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For the overwhelming majority of my working life, I have been a lunch buyer, which can really start to add up when your lunch options are downtown restaurants and eateries. What? Draeger’s raised their prices on their deli sandwiches by almost 20%? And I paid $18 for a salad that I assembled at their salad bar? And Mint is telling me that I’m consistently exceeding my restaurant budget each month? Clearly, I need to start making and bringing in my own lunch from home.

It’s no secret that our team works hard and lunches hard. As inspired by my fellow team mates and as part of my personal goals, I wanted to start cooking more often, knowing the exact ingredients that go into the recipe, incorporating more substantial servings of vegetable (other than the greens of a salad), and in turn, also bring the leftovers to lunch the next day at work. To my aide, Grady sent me an invite to a meal kit delivery service called “Martha & Marley Spoon” and thus started my endeavor.

I want to make clear that this is not necessarily a review of the meal kit delivery service. There are probably a hundred of these types of services out there that I haven’t tried. This is more of a personal journey that I’d like to share. It’s about my experiences and thought process as someone who doesn’t cook often but is making it a goal to get motivated and change that.

Unprepared and raw ingredients

Unprepared and raw ingredients for the sweet potato and sausage soup with pasta and kale.

I was super excited to receive the recipe box at my front door when I came home on Thursday and I dove right into unpacking all of the ingredients. By doing a quick scan, the ingredients are looking high quality and fresh. They gave me so much kale! To be honest, I don’t really like raw kale (and I think there’s truth to the rumor that it was used as a decorative item at the Pizza Hut Salad Bar before it became a health fad), but I’m optimistic about how it will turn out and taste in this recipe.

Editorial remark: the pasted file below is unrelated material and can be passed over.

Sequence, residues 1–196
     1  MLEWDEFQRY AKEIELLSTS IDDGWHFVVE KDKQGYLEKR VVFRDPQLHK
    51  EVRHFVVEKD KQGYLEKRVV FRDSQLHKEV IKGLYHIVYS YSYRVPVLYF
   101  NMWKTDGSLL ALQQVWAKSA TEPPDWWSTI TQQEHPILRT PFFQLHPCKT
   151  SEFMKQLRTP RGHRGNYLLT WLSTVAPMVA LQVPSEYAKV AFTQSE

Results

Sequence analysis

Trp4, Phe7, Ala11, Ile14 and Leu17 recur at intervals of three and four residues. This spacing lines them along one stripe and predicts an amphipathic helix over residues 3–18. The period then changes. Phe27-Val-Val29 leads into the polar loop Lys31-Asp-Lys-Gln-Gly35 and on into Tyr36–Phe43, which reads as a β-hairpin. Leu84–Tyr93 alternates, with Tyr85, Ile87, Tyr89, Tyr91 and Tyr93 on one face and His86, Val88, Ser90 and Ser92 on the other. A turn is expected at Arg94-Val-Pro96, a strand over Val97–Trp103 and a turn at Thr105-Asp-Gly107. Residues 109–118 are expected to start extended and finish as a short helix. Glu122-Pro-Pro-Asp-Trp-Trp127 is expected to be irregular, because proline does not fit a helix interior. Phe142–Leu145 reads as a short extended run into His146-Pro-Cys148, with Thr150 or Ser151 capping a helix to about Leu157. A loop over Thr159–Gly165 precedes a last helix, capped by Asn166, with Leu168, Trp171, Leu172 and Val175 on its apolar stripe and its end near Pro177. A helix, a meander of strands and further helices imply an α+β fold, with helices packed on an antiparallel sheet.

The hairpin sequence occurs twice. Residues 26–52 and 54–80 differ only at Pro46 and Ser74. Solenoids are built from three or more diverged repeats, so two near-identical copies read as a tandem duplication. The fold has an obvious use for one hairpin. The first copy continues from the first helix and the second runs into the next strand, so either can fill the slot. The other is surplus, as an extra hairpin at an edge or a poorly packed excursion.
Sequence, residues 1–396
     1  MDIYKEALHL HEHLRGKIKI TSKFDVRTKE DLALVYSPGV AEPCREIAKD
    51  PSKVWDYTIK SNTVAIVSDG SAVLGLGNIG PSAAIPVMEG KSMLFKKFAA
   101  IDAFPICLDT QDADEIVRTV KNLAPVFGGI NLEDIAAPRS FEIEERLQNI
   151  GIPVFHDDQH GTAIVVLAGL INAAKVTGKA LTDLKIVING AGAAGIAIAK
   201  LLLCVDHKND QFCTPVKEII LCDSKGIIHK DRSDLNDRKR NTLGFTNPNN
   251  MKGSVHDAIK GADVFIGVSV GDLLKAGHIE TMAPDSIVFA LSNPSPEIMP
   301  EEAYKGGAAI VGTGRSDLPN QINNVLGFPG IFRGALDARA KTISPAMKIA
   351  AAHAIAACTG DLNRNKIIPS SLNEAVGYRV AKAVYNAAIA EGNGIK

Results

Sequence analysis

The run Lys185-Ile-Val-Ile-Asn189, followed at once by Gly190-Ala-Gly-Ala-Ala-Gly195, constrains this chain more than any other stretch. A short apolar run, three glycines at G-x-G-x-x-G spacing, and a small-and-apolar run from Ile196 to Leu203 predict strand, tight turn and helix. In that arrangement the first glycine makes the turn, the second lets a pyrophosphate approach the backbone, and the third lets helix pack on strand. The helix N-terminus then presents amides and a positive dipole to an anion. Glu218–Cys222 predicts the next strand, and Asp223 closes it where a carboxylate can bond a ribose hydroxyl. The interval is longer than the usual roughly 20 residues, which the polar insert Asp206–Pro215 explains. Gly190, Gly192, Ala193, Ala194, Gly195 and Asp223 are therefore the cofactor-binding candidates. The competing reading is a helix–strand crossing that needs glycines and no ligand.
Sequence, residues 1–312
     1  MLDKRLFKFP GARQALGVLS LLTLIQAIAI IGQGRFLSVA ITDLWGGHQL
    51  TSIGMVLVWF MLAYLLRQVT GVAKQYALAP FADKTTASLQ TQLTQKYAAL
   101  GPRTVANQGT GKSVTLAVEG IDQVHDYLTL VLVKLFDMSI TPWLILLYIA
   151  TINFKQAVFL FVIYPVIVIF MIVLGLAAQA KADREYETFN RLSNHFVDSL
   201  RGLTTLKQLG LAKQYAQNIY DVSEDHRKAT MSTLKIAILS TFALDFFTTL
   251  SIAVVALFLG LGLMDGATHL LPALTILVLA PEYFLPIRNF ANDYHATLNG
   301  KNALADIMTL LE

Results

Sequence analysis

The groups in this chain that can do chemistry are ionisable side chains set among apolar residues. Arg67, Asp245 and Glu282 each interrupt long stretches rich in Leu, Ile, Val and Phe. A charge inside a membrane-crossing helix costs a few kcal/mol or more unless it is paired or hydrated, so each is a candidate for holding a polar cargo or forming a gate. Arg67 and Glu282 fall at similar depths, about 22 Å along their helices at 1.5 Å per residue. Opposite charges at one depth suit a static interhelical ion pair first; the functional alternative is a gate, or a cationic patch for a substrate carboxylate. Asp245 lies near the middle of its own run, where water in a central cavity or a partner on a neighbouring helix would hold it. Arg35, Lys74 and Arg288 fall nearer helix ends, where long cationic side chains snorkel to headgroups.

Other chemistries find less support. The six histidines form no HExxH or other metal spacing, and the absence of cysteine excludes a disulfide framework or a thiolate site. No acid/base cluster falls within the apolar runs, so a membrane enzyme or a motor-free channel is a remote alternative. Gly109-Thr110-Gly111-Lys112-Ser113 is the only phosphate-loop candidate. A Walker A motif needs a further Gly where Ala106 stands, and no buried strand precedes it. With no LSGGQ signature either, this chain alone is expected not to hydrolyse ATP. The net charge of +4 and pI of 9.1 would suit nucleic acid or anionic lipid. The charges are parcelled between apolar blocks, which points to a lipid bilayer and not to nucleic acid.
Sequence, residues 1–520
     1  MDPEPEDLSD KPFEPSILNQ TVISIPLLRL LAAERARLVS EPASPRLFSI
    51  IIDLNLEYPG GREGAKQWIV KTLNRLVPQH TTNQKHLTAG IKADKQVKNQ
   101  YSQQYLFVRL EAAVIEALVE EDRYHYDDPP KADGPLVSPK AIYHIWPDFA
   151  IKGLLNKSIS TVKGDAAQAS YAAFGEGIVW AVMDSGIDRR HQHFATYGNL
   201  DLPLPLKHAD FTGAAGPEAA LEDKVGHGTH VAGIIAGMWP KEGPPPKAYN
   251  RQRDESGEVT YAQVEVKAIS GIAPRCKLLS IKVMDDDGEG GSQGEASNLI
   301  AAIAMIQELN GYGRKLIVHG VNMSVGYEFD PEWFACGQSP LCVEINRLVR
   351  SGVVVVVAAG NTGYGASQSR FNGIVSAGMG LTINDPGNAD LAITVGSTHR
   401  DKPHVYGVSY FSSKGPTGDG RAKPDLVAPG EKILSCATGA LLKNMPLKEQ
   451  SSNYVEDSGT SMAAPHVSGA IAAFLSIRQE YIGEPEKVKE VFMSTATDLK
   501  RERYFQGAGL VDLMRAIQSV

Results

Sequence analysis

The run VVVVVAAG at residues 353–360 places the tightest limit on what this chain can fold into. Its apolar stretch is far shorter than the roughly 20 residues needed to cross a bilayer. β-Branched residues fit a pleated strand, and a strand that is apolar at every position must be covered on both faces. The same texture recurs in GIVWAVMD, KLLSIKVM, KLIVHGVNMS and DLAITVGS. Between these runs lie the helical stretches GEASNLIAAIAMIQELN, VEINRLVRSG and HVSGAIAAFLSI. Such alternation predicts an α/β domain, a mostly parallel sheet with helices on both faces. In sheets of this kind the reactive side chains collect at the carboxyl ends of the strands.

These are the recipe cards that come with the ingredients

These are the recipe cards that come with the ingredients

The recipe card tells me this will take 30 minutes from start to finish and I’m pretty skeptical. I wash the produce, peel the sweet potatoes and chop up the onion, garlic, and kale. Since my knife skills aren’t that quick and efficient, and I’m using a slightly smaller Santoku knife, it took me about 25 minutes to do this prep work.

This took me longer to chop and prepare than I would like to admit

This took me longer to chop and prepare than I would like to admit.

Everything else from there on out was fairly on schedule. Sautéing the onions and garlic got the aromatic smell all over the clothes and apron I was wearing while cooking and stayed with me well into the next day, even after showering. And the smell seeped into my bedroom. (Learning moment: I have to keep door to bedroom closed when cooking!)

Sautéing the aromatics!

Sautéing the aromatics!

I put in the spicy sausage and broke it apart in the pot while it cooked and browned. I tossed in all of the sweet potatoes and added 20% more water than the recipe called for (it looked like it needed it) and threw in the pasta. I found it interesting that they gave me a packet of chicken broth concentrate instead of chicken broth, but upon a taste test, I came to the conclusion that it gave the output a tastier and savorier flavor than regular chicken broth could give. It smelled fragrantly delicious as it simmered and the last step was to throw in the chopped kale. I put ALL of it in. There was so much of it that I thought it would crowd the pot, but as soon as it wilted from the boiling liquid, it looked more incorporated with the rest of the soup, adding a nice bold green color to it.

The finished product! Sweet potato and sausage soup with pasta and kale.